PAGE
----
Ubique Semper Ab Omnibus - Let not mere human opinion be the ultimate authority, only a truly universal belief could be a true belief.

If one could experience all the lies and contradictions of one’s life at once they could not bear it, so buffers are created to lessen the brunt. Since one cannot eliminate all contradictions in life, self-righteousness results. They are the created evolved buffers to protect ourselves from the pain of facing the truth about ourselves.

Wisdom is not the realization of how much we know; rather it is the realization of how much we don’t. One of the most liberating, wonderful things in the world is when you openly admit you're an ass. Wisdom tends to grow in proportion to the awareness of our own ignorance. When we stop and realize how little rationality we really have, that is the beginning of real reasoning. 

Discoveries have almost no impact in the world of science unless they are published in standard journals. And it often takes around 25 to 30 years or more sometimes before scientific discoveries are discovered by the general population.

Nature may be elusive, but she does not intentionally lie. But people do. Although scientists try to be:
1. Not motivated to do science for personal gain, advancement or other rewards they do
2. Objective and impartial when gathering data they aren’t
3. Not believing dogmatically in an idea They do
4. Not using rhetorical exaggerations to promote their ideas they do
5. Not permitting their judgements to be affected by authority They do

Scientists can intentionally perpetuate fraud, falsification, plagiarism and deception if they do not follow the rules to the letter. True science is designed to detect deception of one’s self and others through colleague collaboration, graduate student mentoring, peer review, experimental corroboration and results replication.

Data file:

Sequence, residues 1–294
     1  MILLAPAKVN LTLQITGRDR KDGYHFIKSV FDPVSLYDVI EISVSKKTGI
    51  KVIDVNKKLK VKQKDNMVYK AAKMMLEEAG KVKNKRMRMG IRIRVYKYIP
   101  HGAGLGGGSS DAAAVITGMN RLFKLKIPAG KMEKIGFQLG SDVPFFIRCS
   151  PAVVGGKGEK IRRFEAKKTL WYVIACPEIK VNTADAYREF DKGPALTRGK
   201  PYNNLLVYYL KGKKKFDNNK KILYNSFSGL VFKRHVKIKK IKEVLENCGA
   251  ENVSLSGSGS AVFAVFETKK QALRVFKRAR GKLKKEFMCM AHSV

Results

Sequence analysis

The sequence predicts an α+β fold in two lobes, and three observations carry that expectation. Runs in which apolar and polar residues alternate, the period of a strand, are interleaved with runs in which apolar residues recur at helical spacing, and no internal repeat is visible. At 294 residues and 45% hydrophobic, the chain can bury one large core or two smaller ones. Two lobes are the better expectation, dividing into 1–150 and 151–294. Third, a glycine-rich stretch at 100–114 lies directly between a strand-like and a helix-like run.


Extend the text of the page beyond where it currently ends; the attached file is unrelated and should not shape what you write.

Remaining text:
Scientists from all backgrounds form their beliefs for a variety of subjective, emotional and psychological reasons in their context of environments created by their family, friends, colleagues, culture and society at large. After forming their beliefs they then defend, justify and rationalize them with a host of intellectual reasons, cogent arguments and rational explanations. Beliefs come first, explanations for beliefs follow. Their perceptions about reality are dependent on the beliefs that they hold about it. 

Actuality/reality exists independent of people’s minds, but their understanding of it depends on the beliefs they hold at any given time. Physicists argue that because no one model is adequate to explain reality, “one cannot be said to be more real than the other.” When these models are coupled to theories, they form entire worldviews. Once people form beliefs and make commitments to them they often maintain and reinforce them through a number of powerful cognitive biases that distort their perceptions to fit their belief concepts.

Among them are: